Digging his elbows into the sand and lava rock beach of Iwo Jima, 18-year-old Pvt. Willy Bryan moved methodically, slowly.
He stayed low while just inches above his head, shell casings exploded in the air.
Bryan felt a tug on the heel of his boot. He craned his neck and saw that a fellow Marine crawling behind him had been hit.
Bryan stayed with the injured Marine while he called for a corpsman.
“He was there in five minutes, treating him on the beach,” Bryan said. “I thought, ‘he’s got to be one of the bravest in the Marine Corps.’ They treated the wounded and it didn’t matter what was going on.”
Bryan pushed forward and found a crater in the beach left by an exploded mortar. He paused to catch his breath, and his nerve.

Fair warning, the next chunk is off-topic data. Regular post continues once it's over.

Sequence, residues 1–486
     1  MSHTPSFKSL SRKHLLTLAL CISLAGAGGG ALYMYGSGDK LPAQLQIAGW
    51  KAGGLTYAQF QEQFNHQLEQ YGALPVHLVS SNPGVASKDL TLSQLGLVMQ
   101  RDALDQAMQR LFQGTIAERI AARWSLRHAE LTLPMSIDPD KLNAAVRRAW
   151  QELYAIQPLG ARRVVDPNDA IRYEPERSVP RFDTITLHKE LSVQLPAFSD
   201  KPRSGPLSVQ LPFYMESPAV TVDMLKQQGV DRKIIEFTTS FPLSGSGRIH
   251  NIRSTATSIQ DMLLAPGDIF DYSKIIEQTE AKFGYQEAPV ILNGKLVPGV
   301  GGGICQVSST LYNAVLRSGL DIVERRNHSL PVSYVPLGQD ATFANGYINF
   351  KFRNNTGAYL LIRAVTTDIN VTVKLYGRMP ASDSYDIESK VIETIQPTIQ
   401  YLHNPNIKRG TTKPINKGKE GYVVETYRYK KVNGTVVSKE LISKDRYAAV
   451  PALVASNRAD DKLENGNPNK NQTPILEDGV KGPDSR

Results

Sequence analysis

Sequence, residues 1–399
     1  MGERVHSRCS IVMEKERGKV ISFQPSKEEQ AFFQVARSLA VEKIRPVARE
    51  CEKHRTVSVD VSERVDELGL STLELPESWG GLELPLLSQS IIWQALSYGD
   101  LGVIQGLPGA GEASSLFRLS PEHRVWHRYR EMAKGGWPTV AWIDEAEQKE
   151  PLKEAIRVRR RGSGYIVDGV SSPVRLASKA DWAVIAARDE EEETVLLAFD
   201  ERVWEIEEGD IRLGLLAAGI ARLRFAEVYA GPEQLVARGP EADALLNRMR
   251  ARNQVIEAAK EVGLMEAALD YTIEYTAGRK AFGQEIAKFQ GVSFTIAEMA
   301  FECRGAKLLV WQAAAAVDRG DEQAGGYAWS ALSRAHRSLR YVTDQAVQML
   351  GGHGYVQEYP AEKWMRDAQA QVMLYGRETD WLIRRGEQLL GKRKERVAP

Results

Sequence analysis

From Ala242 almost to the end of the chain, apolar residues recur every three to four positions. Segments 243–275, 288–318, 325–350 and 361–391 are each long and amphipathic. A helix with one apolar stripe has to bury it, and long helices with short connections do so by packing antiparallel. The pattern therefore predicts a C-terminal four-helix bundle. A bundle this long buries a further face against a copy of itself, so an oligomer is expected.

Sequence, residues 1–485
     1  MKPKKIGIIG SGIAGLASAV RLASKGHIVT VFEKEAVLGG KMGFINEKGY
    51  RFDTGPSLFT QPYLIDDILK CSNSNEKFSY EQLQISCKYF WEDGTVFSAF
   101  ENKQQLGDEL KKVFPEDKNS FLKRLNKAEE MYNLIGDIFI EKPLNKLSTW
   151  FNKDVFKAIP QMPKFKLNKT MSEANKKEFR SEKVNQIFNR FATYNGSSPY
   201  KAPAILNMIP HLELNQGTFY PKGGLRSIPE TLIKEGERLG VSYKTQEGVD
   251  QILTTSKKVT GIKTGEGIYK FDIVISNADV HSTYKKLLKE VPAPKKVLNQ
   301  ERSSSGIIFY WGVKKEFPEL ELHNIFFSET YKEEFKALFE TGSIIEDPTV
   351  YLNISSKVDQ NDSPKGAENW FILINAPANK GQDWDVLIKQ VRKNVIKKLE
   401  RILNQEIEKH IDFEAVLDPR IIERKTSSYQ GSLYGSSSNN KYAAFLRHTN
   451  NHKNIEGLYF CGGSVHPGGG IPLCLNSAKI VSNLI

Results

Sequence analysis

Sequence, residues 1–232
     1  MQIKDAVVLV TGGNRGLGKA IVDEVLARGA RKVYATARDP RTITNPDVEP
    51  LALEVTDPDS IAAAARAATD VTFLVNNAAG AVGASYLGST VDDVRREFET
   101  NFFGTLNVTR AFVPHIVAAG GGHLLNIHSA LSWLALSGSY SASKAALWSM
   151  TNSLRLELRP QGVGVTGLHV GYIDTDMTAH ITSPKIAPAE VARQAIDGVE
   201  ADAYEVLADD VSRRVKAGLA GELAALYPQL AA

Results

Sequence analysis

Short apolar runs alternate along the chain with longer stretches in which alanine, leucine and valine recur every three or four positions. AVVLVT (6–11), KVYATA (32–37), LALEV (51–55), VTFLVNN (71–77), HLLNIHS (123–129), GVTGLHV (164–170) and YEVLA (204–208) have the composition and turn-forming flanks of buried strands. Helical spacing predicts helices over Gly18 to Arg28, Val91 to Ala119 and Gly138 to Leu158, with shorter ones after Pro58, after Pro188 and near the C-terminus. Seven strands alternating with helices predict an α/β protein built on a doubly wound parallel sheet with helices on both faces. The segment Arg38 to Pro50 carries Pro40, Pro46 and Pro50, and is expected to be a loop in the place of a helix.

“I could feel the back of my pants flutter from the whizzing shells,” he said.
But he never retreated.
“That’s what I was trained for,” said Bryan, now 90 years old. “I knew that’s where I was going.”
Bryan, a proud “grunt,″ served as a rifleman in the 5th Marine Division’s E Co., 2nd Battalion, 27th Regiment in the battle of Iwo Jima during World War II. He was among a group of Marines that successfully captured Mount Suribachi.
Bryan, who was shot in the back of the leg on his ninth day of battle on the island, will be among 160 recipients of the Purple Heart attending the Sandhills Purple Heart Dinner in Fayetteville this weekend. He’ll be joined by his wife and several family members, including great grandson Brandon, who has already pledged his desire to become a Marine.
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